Ringgit forwards extend weekly losses as oil re-enters bear market

The ringgit dropped 0.4 per cent to 3.8063 a dollar in Kuala Lumpur on Thursday, the biggest loss since July 6.
The ringgit dropped 0.4 per cent to 3.8063 a dollar in Kuala Lumpur on Thursday, the biggest loss since July 6.PHOTO: AFP

KUALA LUMPUR (BLOOMBERG) - Ringgit forwards headed for this year's longest stretch of weekly declines as oil re-entered a bear market, eroding Malaysia's export earnings.

The contracts dropped for a fifth week, suggesting traders are pricing in further weakness for Asia's worst-performing currency. A decrease in the nation's foreign reserves to a five-year low signaled the Malaysian central bank may be intervening to curb losses, which have been driven by a plunge in crude oil and an investigation into funds linked to 1Malaysia Development Bhd. that's weighing on investor sentiment.

The ringgit dropped 0.4 per cent to 3.8063 a dollar in Kuala Lumpur on Thursday, the biggest loss since July 6. It has fallen 8.1 per cent this year and reached a 16-year low of 3.8130 in July.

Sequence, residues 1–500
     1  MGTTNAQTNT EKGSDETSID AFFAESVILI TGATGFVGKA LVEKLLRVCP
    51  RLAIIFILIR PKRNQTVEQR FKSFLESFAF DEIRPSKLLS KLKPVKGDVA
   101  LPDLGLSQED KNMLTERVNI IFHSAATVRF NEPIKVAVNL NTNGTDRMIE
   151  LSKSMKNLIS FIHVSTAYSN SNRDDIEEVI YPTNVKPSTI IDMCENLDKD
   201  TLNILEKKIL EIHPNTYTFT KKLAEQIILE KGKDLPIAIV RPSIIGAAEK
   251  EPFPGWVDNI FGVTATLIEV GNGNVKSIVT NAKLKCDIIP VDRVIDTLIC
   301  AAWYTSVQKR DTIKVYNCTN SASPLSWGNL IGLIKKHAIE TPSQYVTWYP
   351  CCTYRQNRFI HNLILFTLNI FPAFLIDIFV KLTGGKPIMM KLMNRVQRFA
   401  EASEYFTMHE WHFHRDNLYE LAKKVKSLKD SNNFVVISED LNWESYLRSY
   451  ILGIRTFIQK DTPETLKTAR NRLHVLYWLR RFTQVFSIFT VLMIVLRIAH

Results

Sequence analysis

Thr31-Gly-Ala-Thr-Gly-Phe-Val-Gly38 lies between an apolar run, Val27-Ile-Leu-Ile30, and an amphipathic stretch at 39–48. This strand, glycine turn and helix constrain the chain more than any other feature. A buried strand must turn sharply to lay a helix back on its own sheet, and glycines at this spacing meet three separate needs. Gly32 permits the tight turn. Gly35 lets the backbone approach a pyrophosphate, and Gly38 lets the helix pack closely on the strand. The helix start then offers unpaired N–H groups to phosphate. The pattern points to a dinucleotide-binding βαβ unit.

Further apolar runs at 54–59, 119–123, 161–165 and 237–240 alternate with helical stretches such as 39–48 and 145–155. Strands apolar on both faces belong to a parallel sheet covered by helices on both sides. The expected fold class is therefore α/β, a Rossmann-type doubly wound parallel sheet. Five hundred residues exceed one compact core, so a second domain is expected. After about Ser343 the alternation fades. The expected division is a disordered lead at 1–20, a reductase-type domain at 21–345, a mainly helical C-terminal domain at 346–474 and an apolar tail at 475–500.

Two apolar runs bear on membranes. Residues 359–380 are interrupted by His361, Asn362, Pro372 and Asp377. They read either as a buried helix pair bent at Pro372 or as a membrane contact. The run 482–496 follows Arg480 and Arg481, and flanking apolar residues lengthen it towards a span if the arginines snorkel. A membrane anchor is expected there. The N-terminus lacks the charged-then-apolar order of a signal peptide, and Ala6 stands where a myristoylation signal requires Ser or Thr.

"The ringgit will continue to remain under pressure given the fall in oil prices and data showing a fall in reserves," said Khoon Goh, a strategist at Australia & New Zealand Banking Group Ltd. in Singapore. "The negative news flow surrounding 1MDB is also not helping sentiment."

Ringgit one-month non-deliverable forwards retreated 0.5 per cent from July 17 to 3.8263 per US dollar as of 9:58 a.m. in Kuala Lumpur, according to data compiled by Bloomberg. The contracts were steady Friday and the spot rate was little changed for the week at 3.8077.

The West Texas Intermediate benchmark for oil returned to a bear market and was at US$48.79 a barrel in electronic trading in New York, a discount to the US$55.47 for Brent, the yardstick more commonly watched in Asia. A 52 per cent slump in Brent from 2014's high may put pressure on Malaysia's current-account surplus as the only major net oil exporter in Asia. About 22 per cent of the nation's government revenue is derived from energy-related businesses.

Malaysia's foreign reserves declined 4.7 per cent to US$100.5 billion as of July 15 from two weeks earlier, the central bank reported on Thursday. The holdings are close to the psychological mark of US$100 billion, and a drop below that level for the first time since September 2010 may further hurt sentiment.